For a live-sound design production of "King Lear" we constructed a rain machine that consisted of a long, narrow (5 foot by 7 inch) wooden box on a teeter-totter fulcrum. The box had dozens of nails sticking out of the bottom and we filled it with dried beans. As you rocked the seesaw back and forth you could get more or less continual rainfall and also ...
Michael Raphael (Rabbit Ears Audio) has been recording some stuff. He's even posted sounds already:
He also posted some pics of his DPA 4060's attached to his windows.
A couple of years ago I had the pleasure of watching Encounters at the end of the world at the cinema. The recordings of seals and other marine life in that film are really amazing, and an amazing experience in the cinema
Most of the sounds are like sawtooth LFOs - from high to low.
In a sense though, many natural phenomena ...
I know some people who work in that arena and from the stories I've been told that it's a frighteningly large amount... or more than the suits would like us admitting to. I'd say at least 75% in most situations.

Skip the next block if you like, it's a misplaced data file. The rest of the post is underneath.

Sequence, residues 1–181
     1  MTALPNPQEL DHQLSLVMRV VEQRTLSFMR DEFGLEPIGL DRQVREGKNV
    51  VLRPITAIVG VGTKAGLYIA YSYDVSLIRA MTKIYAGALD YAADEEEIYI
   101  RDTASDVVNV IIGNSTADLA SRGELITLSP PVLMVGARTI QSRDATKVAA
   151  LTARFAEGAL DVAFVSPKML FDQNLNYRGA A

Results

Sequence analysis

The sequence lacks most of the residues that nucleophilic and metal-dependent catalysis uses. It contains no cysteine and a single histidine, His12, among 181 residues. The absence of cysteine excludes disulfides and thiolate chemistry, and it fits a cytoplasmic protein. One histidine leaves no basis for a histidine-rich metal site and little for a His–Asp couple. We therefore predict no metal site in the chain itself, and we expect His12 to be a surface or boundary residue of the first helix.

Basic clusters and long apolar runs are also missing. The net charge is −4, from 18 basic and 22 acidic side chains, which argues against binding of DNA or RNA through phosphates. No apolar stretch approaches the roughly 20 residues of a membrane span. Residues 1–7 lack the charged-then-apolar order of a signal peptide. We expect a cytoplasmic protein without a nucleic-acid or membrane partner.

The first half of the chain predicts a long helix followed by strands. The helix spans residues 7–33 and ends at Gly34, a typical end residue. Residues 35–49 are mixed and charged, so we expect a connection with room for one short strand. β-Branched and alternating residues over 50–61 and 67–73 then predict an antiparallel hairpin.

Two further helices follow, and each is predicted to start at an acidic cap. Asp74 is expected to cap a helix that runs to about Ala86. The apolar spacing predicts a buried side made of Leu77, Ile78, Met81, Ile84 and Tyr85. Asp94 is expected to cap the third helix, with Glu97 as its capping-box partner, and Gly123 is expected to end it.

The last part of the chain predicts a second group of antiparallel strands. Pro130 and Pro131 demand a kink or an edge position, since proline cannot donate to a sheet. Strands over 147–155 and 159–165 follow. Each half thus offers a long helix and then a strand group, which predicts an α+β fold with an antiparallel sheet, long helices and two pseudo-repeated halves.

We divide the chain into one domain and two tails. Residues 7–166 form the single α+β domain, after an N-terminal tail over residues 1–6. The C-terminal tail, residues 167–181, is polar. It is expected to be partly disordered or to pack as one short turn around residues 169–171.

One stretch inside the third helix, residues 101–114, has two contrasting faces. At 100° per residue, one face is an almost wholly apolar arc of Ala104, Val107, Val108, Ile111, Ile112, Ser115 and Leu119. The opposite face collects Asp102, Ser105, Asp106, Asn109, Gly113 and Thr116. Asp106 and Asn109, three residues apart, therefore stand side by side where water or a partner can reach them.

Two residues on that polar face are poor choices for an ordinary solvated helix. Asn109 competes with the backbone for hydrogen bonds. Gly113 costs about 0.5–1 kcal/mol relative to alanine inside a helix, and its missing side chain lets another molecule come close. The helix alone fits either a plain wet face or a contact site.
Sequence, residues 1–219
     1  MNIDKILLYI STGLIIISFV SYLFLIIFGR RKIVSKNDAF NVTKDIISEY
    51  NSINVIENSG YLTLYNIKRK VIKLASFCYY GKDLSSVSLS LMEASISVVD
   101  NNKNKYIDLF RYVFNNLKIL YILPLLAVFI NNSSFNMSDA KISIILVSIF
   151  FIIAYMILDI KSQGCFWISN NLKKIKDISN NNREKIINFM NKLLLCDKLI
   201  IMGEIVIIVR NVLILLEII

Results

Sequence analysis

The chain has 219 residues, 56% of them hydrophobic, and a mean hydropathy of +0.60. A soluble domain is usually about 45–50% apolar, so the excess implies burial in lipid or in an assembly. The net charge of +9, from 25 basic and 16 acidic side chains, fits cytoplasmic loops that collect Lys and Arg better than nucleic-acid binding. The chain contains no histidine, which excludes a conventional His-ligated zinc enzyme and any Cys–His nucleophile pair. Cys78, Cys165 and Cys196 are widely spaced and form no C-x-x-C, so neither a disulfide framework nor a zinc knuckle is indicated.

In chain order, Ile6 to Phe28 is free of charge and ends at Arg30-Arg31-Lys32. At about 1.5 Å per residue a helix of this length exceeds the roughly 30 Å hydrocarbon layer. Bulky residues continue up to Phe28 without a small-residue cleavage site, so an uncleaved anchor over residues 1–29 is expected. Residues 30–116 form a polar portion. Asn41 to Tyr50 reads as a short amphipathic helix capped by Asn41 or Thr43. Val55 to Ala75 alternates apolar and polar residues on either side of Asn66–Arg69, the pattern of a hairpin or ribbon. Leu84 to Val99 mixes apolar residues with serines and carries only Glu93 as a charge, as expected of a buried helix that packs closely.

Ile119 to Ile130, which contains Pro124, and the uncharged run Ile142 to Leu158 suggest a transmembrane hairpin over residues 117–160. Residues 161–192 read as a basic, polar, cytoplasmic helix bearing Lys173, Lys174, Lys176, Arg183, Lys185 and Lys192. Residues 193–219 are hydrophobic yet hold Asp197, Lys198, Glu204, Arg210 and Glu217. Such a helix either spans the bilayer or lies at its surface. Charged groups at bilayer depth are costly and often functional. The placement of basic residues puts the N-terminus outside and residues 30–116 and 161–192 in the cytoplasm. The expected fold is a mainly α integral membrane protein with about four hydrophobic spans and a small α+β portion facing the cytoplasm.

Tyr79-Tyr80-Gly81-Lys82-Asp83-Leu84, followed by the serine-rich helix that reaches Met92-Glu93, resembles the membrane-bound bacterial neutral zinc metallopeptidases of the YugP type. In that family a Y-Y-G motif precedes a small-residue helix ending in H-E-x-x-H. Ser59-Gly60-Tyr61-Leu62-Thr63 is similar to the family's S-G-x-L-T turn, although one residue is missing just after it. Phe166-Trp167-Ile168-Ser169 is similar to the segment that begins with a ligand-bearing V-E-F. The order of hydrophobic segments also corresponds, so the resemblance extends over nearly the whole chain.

I live in central Maine and while we were not hit with the bulk of the storm, I was able to get some super consistant heavy rain recordings as well as some fun internal bits. Some of my best from last week are a storm gutter inside the building I work in.
Check out this blog about the dispersion of sound waves in ice sheets:
If you listen to the recording at 35s in particular they captured an awesome sound which may be the kind of thing you're after.
They also share their recording technique which is nice.
I'm not really familiar with the west side of australia, but there's a good chance you'll be able to get a lot of cicada recordings. In fact, you might wish those little things would just shut up for a second, depending on the weather and area. Like Stavro said, some generic tree forest movement tracks would be fantastic. I always find myself wanting ...